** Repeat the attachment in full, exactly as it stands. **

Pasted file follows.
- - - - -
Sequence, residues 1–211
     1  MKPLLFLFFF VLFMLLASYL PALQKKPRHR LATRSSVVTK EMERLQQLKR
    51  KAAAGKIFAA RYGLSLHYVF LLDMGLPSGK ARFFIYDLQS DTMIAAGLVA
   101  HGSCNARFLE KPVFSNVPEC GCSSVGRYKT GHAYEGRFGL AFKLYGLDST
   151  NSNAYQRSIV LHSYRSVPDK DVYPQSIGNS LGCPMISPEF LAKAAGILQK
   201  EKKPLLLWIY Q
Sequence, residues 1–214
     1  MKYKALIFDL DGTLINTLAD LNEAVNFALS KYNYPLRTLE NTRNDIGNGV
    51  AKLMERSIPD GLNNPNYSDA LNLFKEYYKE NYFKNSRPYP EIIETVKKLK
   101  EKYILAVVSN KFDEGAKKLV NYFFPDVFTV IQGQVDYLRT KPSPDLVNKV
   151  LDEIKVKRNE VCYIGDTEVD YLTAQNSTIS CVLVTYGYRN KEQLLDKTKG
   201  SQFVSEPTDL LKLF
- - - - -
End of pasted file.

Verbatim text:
Sequence, residues 1–211
     1  MKPLLFLFFF VLFMLLASYL PALQKKPRHR LATRSSVVTK EMERLQQLKR
    51  KAAAGKIFAA RYGLSLHYVF LLDMGLPSGK ARFFIYDLQS DTMIAAGLVA
   101  HGSCNARFLE KPVFSNVPEC GCSSVGRYKT GHAYEGRFGL AFKLYGLDST
   151  NSNAYQRSIV LHSYRSVPDK DVYPQSIGNS LGCPMISPEF LAKAAGILQK
   201  EKKPLLLWIY Q
Sequence, residues 1–214
     1  MKYKALIFDL DGTLINTLAD LNEAVNFALS KYNYPLRTLE NTRNDIGNGV
    51  AKLMERSIPD GLNNPNYSDA LNLFKEYYKE NYFKNSRPYP EIIETVKKLK
   101  EKYILAVVSN KFDEGAKKLV NYFFPDVFTV IQGQVDYLRT KPSPDLVNKV
   151  LDEIKVKRNE VCYIGDTEVD YLTAQNSTIS CVLVTYGYRN KEQLLDKTKG
   201  SQFVSEPTDL LKLF